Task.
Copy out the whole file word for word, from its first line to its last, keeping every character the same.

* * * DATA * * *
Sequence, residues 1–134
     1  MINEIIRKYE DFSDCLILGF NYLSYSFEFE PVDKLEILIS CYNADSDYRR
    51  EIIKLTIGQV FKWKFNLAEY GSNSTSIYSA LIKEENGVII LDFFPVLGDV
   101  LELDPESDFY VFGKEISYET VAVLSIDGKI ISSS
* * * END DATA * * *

Sequence, residues 1–134
     1  MINEIIRKYE DFSDCLILGF NYLSYSFEFE PVDKLEILIS CYNADSDYRR
    51  EIIKLTIGQV FKWKFNLAEY GSNSTSIYSA LIKEENGVII LDFFPVLGDV
   101  LELDPESDFY VFGKEISYET VAVLSIDGKI ISSS